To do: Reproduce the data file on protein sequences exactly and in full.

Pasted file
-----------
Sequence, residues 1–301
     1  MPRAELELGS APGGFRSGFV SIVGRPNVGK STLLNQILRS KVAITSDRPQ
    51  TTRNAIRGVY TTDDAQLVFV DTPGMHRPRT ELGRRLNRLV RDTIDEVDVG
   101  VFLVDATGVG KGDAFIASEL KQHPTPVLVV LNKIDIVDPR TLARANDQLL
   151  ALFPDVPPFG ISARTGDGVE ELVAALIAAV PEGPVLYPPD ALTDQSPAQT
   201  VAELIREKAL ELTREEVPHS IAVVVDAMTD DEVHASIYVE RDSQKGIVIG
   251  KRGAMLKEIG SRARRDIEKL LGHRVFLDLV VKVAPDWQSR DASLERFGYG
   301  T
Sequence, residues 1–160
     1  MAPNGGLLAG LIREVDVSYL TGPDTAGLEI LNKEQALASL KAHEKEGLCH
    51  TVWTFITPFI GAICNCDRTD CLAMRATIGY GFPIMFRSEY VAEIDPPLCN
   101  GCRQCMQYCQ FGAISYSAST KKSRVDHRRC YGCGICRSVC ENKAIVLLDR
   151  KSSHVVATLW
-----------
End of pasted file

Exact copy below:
Sequence, residues 1–301
     1  MPRAELELGS APGGFRSGFV SIVGRPNVGK STLLNQILRS KVAITSDRPQ
    51  TTRNAIRGVY TTDDAQLVFV DTPGMHRPRT ELGRRLNRLV RDTIDEVDVG
   101  VFLVDATGVG KGDAFIASEL KQHPTPVLVV LNKIDIVDPR TLARANDQLL
   151  ALFPDVPPFG ISARTGDGVE ELVAALIAAV PEGPVLYPPD ALTDQSPAQT
   201  VAELIREKAL ELTREEVPHS IAVVVDAMTD DEVHASIYVE RDSQKGIVIG
   251  KRGAMLKEIG SRARRDIEKL LGHRVFLDLV VKVAPDWQSR DASLERFGYG
   301  T
Sequence, residues 1–160
     1  MAPNGGLLAG LIREVDVSYL TGPDTAGLEI LNKEQALASL KAHEKEGLCH
    51  TVWTFITPFI GAICNCDRTD CLAMRATIGY GFPIMFRSEY VAEIDPPLCN
   101  GCRQCMQYCQ FGAISYSAST KKSRVDHRRC YGCGICRSVC ENKAIVLLDR
   151  KSSHVVATLW